2) It is possible that the person could be a minor and they did not want another publicity outrage.

3) It is possible the number of songs being shared was very small.

4) It is possible that they knew the person would fight very hard, and had forensic evidence against the RIAA, and they did not want to deal with another person like Marie Lindor or Tanya Andersen, so they settled for a low amount.

These are my theories why RIAA would settle so low, but I could be wrong.

Jadeic said...

Thanks for the slap Ray. I have now paid my dues to PACER and have the court papers to hand. In this instance there do appear to be several interesting kinks to the progress of the case.

stephenh is partially right in his analysis:

Yes - Terri Frye has precious little to her name and would be totally unable to meet any voracious demand from the RIAA.

No - she is not a minor but is a single mother living on state and federal assistance and in state-assisted housing which I guess in RIAA terms is equally bad publicity.

No - although the specimen List A comprises only 9 tracks the List B runs to 37 pages.

Yes - there is some indication that she would have been prepared to fight a 'frivolous' case.

So why then did both parties strike a deal?

Because she was able (and it seems willing) to identify the person most likely to be responsible for the alleged copyright infringement.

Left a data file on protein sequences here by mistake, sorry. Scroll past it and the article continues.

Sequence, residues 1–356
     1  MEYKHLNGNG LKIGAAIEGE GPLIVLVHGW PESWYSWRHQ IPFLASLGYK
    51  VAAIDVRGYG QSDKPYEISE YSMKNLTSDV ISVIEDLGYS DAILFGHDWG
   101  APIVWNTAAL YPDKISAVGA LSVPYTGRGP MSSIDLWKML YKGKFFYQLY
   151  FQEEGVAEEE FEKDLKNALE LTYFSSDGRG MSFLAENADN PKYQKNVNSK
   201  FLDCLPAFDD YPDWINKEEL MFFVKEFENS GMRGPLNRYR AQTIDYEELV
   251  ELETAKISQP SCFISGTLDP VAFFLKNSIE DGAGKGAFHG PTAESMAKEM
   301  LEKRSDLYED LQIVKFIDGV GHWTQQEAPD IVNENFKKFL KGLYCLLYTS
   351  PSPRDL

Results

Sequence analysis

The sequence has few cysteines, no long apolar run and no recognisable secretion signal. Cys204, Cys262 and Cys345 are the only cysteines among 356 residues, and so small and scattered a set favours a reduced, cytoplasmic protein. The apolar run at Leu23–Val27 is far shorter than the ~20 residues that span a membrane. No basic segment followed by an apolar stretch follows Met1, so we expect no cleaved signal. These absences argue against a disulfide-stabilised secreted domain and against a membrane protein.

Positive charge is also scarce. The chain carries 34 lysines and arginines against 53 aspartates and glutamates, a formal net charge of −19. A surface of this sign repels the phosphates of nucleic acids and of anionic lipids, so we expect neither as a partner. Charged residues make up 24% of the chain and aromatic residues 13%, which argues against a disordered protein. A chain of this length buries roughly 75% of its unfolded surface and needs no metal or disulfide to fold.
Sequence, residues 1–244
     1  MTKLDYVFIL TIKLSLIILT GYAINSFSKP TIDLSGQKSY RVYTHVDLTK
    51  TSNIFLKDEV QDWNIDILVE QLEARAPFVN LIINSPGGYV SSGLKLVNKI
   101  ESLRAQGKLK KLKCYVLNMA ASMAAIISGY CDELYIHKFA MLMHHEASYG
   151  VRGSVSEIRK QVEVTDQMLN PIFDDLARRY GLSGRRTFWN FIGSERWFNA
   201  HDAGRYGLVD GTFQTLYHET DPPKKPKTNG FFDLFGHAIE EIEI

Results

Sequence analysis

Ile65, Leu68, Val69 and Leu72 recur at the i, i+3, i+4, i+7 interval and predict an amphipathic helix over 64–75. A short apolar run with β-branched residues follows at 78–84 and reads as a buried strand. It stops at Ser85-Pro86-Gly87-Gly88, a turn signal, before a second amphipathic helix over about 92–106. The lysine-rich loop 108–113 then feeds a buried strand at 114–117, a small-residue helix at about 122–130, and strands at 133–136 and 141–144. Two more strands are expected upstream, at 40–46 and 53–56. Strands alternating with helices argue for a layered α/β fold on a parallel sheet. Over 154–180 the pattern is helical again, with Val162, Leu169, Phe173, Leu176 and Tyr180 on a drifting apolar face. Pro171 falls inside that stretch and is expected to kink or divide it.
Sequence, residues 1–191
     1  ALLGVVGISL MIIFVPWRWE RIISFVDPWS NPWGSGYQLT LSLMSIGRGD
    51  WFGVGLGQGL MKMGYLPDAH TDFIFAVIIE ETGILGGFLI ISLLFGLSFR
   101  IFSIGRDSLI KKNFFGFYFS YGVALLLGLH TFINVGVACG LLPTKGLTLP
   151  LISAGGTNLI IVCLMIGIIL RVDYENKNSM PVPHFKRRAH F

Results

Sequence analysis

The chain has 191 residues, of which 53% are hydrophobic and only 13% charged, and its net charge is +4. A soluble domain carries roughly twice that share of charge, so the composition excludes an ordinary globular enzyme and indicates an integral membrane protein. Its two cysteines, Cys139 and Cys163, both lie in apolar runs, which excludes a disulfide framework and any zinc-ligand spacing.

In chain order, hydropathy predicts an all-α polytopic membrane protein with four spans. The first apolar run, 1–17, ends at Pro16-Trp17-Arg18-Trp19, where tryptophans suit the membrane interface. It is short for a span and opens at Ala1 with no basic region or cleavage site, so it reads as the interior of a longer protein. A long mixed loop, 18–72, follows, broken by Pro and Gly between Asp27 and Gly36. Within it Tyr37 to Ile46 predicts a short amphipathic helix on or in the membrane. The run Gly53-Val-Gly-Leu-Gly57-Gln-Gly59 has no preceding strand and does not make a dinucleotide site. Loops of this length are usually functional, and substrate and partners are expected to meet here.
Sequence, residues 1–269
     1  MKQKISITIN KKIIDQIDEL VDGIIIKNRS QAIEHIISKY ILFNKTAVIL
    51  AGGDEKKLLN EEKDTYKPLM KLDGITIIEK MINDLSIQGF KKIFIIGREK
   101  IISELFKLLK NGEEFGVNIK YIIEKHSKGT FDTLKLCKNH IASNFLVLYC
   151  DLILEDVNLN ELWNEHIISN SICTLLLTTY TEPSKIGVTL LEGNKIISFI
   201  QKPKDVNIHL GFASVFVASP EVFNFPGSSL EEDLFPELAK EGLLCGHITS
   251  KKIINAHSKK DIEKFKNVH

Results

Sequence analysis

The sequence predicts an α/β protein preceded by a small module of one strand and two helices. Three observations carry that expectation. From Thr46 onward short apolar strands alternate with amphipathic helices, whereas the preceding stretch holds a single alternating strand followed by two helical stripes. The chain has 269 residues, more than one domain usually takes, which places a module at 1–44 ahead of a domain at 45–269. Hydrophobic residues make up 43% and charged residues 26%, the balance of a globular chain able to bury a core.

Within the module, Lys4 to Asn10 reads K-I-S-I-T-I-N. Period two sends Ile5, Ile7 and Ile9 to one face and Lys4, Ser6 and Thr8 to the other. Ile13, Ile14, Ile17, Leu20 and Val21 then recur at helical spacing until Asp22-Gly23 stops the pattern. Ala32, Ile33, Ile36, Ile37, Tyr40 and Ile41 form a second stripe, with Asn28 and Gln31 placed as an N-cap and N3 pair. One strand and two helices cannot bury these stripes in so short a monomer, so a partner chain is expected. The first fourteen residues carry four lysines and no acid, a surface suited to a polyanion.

Interestingly, however, the plaintiffs were advised by letter as early as December 2005 that the third party was aware of the RIAA interest in the internet account and had already deleted said files. Given that by February 2007 Terri Frye had yet to identify the third party to the plaintiff I imagine that any trace of alleged misdeeds would have long since disappeared. Nonetheless, a deal seems do have been done on this basis and it will be interesting to see what action the RIAA now take against their new target. There is an interesting proviso in the correspondence between the defendant and plaintiff: that 'upon her identification of such person, if such person is not the responsible party, your clients will have one year to re-file suit against Ms. Frye'. That too would be an interesting case to watch.